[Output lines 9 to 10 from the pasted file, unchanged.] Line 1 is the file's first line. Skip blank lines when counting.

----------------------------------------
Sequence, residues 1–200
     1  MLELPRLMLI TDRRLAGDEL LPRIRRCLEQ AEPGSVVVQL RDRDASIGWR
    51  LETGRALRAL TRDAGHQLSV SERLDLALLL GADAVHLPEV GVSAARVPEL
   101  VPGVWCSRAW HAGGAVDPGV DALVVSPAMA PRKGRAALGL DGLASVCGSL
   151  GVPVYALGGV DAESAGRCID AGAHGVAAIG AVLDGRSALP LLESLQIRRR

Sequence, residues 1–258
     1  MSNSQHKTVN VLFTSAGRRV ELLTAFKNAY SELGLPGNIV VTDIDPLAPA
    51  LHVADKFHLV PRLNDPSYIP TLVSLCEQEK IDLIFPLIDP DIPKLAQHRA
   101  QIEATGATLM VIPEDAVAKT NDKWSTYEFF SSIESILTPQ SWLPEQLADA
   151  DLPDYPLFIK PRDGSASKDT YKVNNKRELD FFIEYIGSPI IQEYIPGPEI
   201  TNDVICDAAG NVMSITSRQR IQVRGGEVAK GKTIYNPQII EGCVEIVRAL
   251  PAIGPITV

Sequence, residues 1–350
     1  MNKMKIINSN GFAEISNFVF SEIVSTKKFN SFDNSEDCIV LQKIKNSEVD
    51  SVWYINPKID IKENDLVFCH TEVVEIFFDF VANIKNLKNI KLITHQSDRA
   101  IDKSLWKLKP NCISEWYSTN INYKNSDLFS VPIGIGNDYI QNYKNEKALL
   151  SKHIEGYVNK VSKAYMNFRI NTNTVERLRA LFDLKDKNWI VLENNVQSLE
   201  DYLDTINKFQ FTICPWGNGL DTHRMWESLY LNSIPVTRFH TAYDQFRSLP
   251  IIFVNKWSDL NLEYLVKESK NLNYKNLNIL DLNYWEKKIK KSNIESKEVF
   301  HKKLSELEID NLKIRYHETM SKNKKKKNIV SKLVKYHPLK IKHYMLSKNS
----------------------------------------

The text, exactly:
   101  QIEATGATLM VIPEDAVAKT NDKWSTYEFF SSIESILTPQ SWLPEQLADA
   151  DLPDYPLFIK PRDGSASKDT YKVNNKRELD FFIEYIGSPI IQEYIPGPEI